Finding my roots

Putting down roots in hard for a gypsy.  I have managed to move every two to three years for my whole life.  I am pro at creating events that “require” me to move (read: a not-my-fault set of circumstances that allows me to indulge my gypsy soul while still seeming normal).

Recently my sister located my fathers birth parents.  It was weird. I felt emotions that I hadn’t experienced before.  My entire extended family is all decidedly LDS, and I am decidedly not.  My entire immediate family all struggle with the same gypsy tendencies I do, so we all float our own direction and sometimes cross paths. Feeling disconnected from my family was normal.

Our new-found Aunt sent a lovely care package.  A family history book, a family recipe book, and a book she wrote.  Apparently I come from a long genetic line of really bad-ass women.

Now my whole definition of family looked different.  My inner beliefs about what I needed and wanted were suddenly insufficient.  My being okay with feeling disconnected crumbled.  I wanted – no, NEEDED to learn more, to connect, to touch souls.   After a  moment of panic, I did what any ‘normal’ person would do.  I called my life coach aka, mentor, friend, pirate, Megan.  We met for tea (cause she is cool like that).  After much rambling on my part, she brought me clarity with one word.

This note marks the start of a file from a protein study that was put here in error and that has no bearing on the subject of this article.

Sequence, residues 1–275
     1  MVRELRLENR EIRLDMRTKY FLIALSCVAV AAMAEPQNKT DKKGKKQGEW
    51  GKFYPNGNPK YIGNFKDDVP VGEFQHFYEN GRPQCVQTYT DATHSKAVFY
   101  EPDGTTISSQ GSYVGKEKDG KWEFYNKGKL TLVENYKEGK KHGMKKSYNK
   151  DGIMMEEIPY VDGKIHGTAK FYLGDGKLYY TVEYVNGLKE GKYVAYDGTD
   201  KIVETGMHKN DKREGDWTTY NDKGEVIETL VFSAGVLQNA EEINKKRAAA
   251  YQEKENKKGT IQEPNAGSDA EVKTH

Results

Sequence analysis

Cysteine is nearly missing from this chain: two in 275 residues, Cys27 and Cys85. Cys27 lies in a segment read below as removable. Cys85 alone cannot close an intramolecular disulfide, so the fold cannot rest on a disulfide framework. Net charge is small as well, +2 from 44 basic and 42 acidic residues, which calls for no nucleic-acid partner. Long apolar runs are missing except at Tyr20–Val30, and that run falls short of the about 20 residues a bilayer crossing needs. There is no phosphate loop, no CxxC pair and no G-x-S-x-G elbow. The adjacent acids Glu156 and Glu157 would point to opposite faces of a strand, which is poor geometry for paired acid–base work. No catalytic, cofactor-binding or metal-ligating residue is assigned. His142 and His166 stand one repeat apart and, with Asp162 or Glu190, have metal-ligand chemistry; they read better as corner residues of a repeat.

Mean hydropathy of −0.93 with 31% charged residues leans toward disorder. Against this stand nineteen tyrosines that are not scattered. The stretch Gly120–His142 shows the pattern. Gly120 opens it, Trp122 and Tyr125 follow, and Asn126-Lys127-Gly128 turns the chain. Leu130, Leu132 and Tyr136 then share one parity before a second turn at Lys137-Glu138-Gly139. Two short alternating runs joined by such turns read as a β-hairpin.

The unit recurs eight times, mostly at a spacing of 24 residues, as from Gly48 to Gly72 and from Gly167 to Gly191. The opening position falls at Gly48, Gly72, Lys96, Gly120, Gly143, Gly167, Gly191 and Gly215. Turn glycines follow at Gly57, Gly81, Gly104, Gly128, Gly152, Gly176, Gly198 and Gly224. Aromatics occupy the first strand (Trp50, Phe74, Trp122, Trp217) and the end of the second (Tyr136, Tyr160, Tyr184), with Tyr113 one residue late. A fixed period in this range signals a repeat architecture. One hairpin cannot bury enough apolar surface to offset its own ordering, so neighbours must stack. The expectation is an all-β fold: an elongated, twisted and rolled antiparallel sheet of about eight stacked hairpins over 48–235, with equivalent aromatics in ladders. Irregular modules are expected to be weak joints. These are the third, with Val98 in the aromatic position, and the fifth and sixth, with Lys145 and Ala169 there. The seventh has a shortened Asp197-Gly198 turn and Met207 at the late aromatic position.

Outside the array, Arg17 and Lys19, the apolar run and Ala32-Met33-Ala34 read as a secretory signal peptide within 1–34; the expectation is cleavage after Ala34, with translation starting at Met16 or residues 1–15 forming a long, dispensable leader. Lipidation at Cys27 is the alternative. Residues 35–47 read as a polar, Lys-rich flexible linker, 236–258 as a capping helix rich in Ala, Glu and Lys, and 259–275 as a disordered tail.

Of course that immediately turned into fun as we decided that the title of my next project with her would be ‘Roots & Boots’.  I had just bought some new ‘adventure’ boots for my upcoming Alabama move – cause a girl’s gotta be ready for anything life presents.  Especially when it includes the potentially messy task of finding (or creating or growing) some roots.
Megan Sillito (If I am an Incognito Gypsy, then Megan is an Incognito Pirate.)

2 thoughts on “Finding my roots”

  1. Your great-grandfather, Sanford Thomas, was also a gypsy. His mother-in-law always accused him of wanting to see what was over the next hill and dragging her daughter with him. She said he had “itchy feet”. More than happy to help you find your roots.
    Aunt Debbie

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